Winter fireworks festivals are not very common in Japan but throughout November and December there has been mini-festivals every Saturday evening in Tokyo’s oceanfront Odaiba district and I thought I should go see the last one for the year. I am terrible at taking photos of fireworks, I have absolutely no idea how other photographers do it. Maybe some of my readers can give me a few hints? The only thing I have figured out is that you are supposed to use a tripod. I own one but I haven’t touched it in 5-6 years. The fireworks festival was a great excuse to go out and the the Rainbow bridge in all its colorful glory once again. I was going to shoot from the bridge initially but the bridge closes for foot-traffic at 1800 in winter. Just a few days left of this year now, better make the best of them!
Recently quite a few people have asked me to give them advice on what to see and what to do in Tokyo and it’s always a difficult question to answer. There are just so many things to see and do here. Depending on your age, interest, physical condition you’ll have so many options. For me though, the best things in Tokyo are the simplest, and the most unique are the easiest: just walk around and experience the streets! Of course, if your walking has an interesting destination it is even better. One of my favorite walks, any time in the day, is from Tamachi station on the Yamanote line all the way over to Odaiba via the Rainbow Bridge. Going to Odaiba by train is always a little bit of a hassle so walking there is a great option! What you do is to exit Tamachi station from the Shibaura Exit (east exit), and just walk straight. Once you reach the Tokyo Monorail in the photos down below you keep walking straight but keep, if possible to the right. Eventually you’ll reach the bridge and you’ll have the option of walking the south or the north route. I’d recommend the north for being slightly more scenic and easier to photography (usually no sun into the camera). At the end of the bridge you’ll be at the famous Odaiba district! Lots of things to see there (and shopping). Total walking, about 4km.
I took these photos on a sunny afternoon, halfway on the route at Shibaura Island, and the last image from the top of Odaiba bridge. I have posted plenty of photos of Odaiba and the bridge before, so please browse the blog via the tags if you are interested in seeing more!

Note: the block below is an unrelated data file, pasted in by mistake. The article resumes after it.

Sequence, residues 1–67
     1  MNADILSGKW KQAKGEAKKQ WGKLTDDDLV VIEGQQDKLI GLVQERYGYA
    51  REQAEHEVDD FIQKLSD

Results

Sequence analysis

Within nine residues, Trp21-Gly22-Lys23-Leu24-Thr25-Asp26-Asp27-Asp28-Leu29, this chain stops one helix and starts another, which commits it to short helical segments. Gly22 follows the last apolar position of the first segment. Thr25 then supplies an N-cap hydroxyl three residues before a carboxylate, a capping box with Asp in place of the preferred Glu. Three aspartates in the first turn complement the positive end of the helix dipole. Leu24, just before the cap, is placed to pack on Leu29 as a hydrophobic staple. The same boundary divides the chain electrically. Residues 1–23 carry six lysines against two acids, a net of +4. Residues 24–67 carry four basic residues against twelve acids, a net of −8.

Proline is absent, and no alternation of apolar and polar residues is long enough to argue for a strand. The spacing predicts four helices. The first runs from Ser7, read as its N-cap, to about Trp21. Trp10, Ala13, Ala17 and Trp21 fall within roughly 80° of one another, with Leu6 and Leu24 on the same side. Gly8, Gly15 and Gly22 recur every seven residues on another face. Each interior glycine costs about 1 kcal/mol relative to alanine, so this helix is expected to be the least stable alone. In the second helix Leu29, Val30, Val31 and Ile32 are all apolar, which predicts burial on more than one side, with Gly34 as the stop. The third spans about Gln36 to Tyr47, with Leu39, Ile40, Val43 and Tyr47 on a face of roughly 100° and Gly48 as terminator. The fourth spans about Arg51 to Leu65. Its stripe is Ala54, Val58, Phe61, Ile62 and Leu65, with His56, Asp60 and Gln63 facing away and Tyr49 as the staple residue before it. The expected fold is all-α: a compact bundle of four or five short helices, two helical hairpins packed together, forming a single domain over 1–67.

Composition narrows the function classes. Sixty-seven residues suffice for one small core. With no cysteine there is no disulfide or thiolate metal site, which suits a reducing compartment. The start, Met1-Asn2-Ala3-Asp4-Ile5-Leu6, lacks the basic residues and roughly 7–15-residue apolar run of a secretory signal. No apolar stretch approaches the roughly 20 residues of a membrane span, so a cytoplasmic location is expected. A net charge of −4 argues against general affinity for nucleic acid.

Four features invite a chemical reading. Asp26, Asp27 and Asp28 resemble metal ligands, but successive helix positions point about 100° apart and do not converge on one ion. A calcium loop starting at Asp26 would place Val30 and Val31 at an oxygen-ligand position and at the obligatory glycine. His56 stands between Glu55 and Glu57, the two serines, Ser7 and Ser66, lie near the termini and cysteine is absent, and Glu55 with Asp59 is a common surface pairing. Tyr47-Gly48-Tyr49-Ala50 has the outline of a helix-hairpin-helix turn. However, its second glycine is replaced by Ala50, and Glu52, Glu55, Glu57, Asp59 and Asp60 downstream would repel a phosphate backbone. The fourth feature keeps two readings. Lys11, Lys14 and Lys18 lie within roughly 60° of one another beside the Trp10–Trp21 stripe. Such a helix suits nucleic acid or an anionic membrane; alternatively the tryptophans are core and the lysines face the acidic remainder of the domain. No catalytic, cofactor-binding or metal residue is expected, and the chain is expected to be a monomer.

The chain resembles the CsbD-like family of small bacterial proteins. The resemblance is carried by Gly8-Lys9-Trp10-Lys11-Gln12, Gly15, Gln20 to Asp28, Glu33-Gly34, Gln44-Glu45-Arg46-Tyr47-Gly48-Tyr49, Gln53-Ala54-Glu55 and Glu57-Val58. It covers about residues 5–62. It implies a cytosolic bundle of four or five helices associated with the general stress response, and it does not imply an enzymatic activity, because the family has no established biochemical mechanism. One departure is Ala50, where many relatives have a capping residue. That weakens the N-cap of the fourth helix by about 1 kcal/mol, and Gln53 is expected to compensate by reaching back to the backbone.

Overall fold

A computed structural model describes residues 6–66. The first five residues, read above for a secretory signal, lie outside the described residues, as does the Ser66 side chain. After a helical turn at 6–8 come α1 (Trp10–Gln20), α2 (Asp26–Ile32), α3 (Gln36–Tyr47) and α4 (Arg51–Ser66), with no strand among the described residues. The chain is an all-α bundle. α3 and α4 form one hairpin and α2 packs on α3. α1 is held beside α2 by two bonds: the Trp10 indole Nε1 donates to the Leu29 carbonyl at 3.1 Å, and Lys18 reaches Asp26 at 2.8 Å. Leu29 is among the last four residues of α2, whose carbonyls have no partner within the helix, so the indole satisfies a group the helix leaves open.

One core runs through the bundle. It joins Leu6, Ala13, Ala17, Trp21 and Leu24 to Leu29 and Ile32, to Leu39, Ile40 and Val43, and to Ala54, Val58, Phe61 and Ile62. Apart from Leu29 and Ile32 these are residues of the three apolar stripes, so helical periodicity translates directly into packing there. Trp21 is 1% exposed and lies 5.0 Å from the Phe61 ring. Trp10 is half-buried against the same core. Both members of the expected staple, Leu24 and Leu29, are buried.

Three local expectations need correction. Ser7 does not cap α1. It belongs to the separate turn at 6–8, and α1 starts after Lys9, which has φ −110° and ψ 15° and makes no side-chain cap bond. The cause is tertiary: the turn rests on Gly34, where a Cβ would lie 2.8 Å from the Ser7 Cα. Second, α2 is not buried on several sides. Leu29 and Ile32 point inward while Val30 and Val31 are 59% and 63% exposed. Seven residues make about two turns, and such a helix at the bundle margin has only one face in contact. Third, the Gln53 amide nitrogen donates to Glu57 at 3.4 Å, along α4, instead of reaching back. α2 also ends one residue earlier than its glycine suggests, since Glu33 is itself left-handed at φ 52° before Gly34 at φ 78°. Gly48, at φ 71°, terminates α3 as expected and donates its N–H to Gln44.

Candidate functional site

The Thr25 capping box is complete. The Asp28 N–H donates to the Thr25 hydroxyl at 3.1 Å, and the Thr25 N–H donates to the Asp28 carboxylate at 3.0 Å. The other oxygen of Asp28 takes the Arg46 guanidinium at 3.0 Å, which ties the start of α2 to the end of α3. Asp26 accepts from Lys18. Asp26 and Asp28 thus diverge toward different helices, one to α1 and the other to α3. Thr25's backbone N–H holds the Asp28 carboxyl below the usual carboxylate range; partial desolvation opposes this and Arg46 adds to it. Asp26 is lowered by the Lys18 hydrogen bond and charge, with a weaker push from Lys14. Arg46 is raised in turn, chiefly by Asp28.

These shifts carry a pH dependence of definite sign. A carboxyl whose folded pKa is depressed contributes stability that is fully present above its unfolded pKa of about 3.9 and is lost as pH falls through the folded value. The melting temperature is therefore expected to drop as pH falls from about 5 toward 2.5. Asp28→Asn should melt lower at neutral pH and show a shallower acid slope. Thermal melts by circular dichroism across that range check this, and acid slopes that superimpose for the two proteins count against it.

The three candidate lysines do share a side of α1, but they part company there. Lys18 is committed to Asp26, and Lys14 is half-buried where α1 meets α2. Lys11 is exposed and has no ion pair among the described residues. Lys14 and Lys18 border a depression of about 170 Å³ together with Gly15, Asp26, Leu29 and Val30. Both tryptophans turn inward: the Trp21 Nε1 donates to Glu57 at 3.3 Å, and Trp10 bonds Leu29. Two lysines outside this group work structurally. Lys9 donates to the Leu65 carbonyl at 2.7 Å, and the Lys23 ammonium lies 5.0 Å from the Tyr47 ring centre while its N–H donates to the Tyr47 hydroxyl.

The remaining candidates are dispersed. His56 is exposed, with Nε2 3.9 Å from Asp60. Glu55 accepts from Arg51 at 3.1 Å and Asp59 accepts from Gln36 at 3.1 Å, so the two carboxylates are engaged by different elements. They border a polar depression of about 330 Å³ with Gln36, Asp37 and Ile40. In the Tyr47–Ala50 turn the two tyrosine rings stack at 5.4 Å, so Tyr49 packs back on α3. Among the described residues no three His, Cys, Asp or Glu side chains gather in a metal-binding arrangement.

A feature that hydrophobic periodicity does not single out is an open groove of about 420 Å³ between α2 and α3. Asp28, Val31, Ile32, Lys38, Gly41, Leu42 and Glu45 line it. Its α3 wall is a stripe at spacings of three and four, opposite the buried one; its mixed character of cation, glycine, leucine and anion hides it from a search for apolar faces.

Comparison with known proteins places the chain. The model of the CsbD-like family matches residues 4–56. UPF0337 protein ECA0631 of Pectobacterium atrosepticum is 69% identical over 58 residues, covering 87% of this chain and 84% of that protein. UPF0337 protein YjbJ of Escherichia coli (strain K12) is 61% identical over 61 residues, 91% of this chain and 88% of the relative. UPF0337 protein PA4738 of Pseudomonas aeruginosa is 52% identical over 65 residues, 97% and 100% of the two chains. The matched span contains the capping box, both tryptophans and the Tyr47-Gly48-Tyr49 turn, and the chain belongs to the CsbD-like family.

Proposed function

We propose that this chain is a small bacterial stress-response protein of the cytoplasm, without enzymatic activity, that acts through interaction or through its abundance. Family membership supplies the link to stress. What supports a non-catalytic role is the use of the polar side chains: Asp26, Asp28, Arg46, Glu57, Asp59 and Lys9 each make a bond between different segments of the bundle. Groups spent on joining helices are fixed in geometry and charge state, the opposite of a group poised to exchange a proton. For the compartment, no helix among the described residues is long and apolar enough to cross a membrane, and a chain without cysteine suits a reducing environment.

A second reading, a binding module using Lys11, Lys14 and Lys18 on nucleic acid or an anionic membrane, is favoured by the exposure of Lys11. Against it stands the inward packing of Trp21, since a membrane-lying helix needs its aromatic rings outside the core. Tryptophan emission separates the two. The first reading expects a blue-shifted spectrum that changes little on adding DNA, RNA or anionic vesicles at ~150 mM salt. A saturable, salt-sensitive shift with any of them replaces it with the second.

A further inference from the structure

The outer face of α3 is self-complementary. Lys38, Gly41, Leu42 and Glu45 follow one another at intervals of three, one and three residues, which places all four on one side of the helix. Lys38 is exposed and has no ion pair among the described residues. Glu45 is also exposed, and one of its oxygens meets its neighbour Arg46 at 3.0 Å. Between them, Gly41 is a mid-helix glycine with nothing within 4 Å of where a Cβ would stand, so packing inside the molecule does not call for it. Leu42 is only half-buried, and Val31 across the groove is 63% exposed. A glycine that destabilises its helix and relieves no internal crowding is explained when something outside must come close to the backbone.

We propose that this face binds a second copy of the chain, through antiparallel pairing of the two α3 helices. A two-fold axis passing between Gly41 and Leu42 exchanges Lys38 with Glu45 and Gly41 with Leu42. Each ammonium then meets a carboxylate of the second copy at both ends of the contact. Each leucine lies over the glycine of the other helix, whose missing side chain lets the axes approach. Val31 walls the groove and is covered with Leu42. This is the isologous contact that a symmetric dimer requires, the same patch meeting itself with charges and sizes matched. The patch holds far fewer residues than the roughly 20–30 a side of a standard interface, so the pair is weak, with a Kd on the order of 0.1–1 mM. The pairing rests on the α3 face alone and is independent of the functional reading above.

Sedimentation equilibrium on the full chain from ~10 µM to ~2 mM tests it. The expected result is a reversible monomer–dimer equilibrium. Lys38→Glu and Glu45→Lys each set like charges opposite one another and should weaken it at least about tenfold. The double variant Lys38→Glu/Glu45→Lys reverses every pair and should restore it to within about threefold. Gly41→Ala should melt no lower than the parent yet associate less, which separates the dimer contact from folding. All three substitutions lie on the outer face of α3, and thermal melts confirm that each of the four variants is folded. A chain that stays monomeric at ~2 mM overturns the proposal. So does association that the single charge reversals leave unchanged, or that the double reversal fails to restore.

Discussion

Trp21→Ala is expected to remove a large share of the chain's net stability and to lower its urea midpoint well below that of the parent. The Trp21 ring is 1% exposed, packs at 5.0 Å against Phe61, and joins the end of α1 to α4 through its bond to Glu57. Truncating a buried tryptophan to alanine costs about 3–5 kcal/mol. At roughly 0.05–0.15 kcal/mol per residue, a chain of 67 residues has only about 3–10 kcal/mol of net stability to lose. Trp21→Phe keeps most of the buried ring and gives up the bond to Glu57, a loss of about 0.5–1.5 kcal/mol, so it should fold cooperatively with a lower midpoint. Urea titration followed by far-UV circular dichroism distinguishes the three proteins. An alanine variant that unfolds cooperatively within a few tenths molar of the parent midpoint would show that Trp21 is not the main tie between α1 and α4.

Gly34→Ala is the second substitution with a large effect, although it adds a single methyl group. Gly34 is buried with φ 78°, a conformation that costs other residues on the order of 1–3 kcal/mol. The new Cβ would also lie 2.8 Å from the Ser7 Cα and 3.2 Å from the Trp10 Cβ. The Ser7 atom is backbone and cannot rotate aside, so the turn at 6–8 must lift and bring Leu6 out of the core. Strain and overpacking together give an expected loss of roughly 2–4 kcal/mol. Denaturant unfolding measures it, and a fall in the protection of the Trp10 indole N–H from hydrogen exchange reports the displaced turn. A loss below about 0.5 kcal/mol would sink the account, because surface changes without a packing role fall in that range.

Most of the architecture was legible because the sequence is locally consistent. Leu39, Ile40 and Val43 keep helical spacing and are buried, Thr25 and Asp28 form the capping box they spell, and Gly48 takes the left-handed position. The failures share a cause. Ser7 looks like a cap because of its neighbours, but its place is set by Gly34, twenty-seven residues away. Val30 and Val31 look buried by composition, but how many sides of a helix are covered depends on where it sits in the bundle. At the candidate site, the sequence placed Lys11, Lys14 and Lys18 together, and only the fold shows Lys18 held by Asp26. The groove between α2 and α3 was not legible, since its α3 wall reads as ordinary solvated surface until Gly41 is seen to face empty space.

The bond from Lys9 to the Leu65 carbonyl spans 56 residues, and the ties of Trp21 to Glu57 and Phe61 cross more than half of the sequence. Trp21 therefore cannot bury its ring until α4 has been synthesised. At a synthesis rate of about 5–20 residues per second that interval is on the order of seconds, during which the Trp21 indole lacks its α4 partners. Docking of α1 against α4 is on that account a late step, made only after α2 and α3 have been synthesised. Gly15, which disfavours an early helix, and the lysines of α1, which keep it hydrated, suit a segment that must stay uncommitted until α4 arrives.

One of the most distinctly non-Japanese areas of Tokyo is the huge Odaiba district, consisting mostly of land reclaimed in the late 20th century directly on the sea bed of Tokyo Bay. It was built so quickly, and there was so much land created that I often get the impression that they didn’t really know what to do with it. No where is this more obvious than in the dead center of Odaiba, the vast West Promenade and park area that is so large and so out of the way that you almost being to feel lonely – a refreshing feeling in Tokyo! I took these photos on the Odaiba Dream Bridge, the Yume-no-ohashi (the large bridge of dreams, 夢の大橋), connecting the West and East Promenades. The only people I know of who regularly come here are the cosplayers who have almost weekly gatherings to meet their friends, dress up as their favorite manga characters and to take photos of each other. It’s quite a private gathering and not at all like the cosplayer gathing that used to be held near Harajuku station on Sundays up until roughly 2002 (since then you get one or two of them but nothing larger, strangely enough it is still recommended and mentioned in many Tokyo guidebooks). The vast spaces and lack of passer-bys make it the perfect spot for a bit of private photography.
The bridge crosses the Ariake West Canal (有明西運河), is 360m long and 60m high. There is a reason for making it so large though, in case of emergency the bridge is wide enough to allow a two lane emergency vehicle highway. It happens to be the widest foot bridge in Japan! At the middle spots of the bridge there are resting points and they are decorated with these informative picture tiles depicting scenes and things from the Edo period.
I am always happy to see that arts and crafts are being promoted more and more here in Japan. A few weeks ago I visited the Hand Made In Japan Fes 2013, a fair and exhibitors event centered around creativity and crafts in Tokyo’s Odaiba district. It is somewhat similar to Design Festa, possibly with a bigger focus on crafts and stuff than Design Festa which is a little bit more focused on Arts. HMJ2013 also had a nice outdoors area with music, food, DJs and other performances. I didn’t take many photos inside, as I didn’t want to bother the exhibitors too much. The photos I did take is from the main entrance areas of the halls so it looks strangely deserted. Once you got into the booths properly it was quite crowded and full of great stuff, as usual!
As usual when I visit this place, I can’t resist taking some photos of the massive building. As many times as I have been here (dozens) I have never been up in the building itself, only down in the event areas. Strange.
HMJ is run by Creema, which is a creator’s market, an online arts and crafts store, curated to some extent by users. Maybe not that different from Etsy, but more focused on crats and less on ready mades. Maybe. I am not an expert! It’s well wort a look!